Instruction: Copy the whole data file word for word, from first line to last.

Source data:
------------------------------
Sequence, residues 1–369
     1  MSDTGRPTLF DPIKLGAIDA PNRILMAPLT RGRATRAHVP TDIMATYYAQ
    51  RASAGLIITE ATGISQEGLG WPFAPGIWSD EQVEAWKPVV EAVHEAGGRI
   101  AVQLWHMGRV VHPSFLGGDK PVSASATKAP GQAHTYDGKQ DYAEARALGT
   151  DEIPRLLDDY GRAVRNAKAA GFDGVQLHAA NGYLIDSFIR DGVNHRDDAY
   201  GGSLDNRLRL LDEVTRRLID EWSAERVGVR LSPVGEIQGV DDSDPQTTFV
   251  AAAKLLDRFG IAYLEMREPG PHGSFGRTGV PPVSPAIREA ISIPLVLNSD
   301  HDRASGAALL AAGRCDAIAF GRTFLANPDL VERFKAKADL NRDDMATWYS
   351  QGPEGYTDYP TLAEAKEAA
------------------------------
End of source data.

Sequence, residues 1–369
     1  MSDTGRPTLF DPIKLGAIDA PNRILMAPLT RGRATRAHVP TDIMATYYAQ
    51  RASAGLIITE ATGISQEGLG WPFAPGIWSD EQVEAWKPVV EAVHEAGGRI
   101  AVQLWHMGRV VHPSFLGGDK PVSASATKAP GQAHTYDGKQ DYAEARALGT
   151  DEIPRLLDDY GRAVRNAKAA GFDGVQLHAA NGYLIDSFIR DGVNHRDDAY
   201  GGSLDNRLRL LDEVTRRLID EWSAERVGVR LSPVGEIQGV DDSDPQTTFV
   251  AAAKLLDRFG IAYLEMREPG PHGSFGRTGV PPVSPAIREA ISIPLVLNSD
   301  HDRASGAALL AAGRCDAIAF GRTFLANPDL VERFKAKADL NRDDMATWYS
   351  QGPEGYTDYP TLAEAKEAA